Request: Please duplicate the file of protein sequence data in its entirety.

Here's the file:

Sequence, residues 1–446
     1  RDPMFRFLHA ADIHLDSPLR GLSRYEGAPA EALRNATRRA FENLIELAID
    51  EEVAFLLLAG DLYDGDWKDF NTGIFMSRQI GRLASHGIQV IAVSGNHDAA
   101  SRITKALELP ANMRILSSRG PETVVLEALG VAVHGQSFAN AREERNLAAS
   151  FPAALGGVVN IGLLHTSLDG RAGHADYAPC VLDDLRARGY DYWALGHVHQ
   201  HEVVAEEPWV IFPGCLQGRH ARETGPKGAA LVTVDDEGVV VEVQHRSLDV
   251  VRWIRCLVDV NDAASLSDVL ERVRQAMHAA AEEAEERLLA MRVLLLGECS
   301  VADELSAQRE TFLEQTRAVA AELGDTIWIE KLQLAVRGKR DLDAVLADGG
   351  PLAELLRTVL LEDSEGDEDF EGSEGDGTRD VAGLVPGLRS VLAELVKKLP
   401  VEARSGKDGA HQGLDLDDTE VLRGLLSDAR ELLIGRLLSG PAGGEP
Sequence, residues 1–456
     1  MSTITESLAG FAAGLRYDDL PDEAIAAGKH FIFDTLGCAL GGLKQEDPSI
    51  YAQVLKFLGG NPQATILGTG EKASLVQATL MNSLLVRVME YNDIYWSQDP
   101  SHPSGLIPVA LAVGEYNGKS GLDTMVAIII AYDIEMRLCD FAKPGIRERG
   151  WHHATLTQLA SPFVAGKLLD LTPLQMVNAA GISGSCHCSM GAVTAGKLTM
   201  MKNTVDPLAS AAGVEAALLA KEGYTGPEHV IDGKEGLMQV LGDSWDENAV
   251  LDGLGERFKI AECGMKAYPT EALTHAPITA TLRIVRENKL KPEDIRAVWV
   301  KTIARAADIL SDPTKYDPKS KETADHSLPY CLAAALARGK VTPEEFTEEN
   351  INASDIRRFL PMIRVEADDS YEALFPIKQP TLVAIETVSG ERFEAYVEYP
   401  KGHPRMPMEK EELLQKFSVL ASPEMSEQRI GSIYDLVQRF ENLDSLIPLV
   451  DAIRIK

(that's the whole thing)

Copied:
Sequence, residues 1–446
     1  RDPMFRFLHA ADIHLDSPLR GLSRYEGAPA EALRNATRRA FENLIELAID
    51  EEVAFLLLAG DLYDGDWKDF NTGIFMSRQI GRLASHGIQV IAVSGNHDAA
   101  SRITKALELP ANMRILSSRG PETVVLEALG VAVHGQSFAN AREERNLAAS
   151  FPAALGGVVN IGLLHTSLDG RAGHADYAPC VLDDLRARGY DYWALGHVHQ
   201  HEVVAEEPWV IFPGCLQGRH ARETGPKGAA LVTVDDEGVV VEVQHRSLDV
   251  VRWIRCLVDV NDAASLSDVL ERVRQAMHAA AEEAEERLLA MRVLLLGECS
   301  VADELSAQRE TFLEQTRAVA AELGDTIWIE KLQLAVRGKR DLDAVLADGG
   351  PLAELLRTVL LEDSEGDEDF EGSEGDGTRD VAGLVPGLRS VLAELVKKLP
   401  VEARSGKDGA HQGLDLDDTE VLRGLLSDAR ELLIGRLLSG PAGGEP
Sequence, residues 1–456
     1  MSTITESLAG FAAGLRYDDL PDEAIAAGKH FIFDTLGCAL GGLKQEDPSI
    51  YAQVLKFLGG NPQATILGTG EKASLVQATL MNSLLVRVME YNDIYWSQDP
   101  SHPSGLIPVA LAVGEYNGKS GLDTMVAIII AYDIEMRLCD FAKPGIRERG
   151  WHHATLTQLA SPFVAGKLLD LTPLQMVNAA GISGSCHCSM GAVTAGKLTM
   201  MKNTVDPLAS AAGVEAALLA KEGYTGPEHV IDGKEGLMQV LGDSWDENAV
   251  LDGLGERFKI AECGMKAYPT EALTHAPITA TLRIVRENKL KPEDIRAVWV
   301  KTIARAADIL SDPTKYDPKS KETADHSLPY CLAAALARGK VTPEEFTEEN
   351  INASDIRRFL PMIRVEADDS YEALFPIKQP TLVAIETVSG ERFEAYVEYP
   401  KGHPRMPMEK EELLQKFSVL ASPEMSEQRI GSIYDLVQRF ENLDSLIPLV
   451  DAIRIK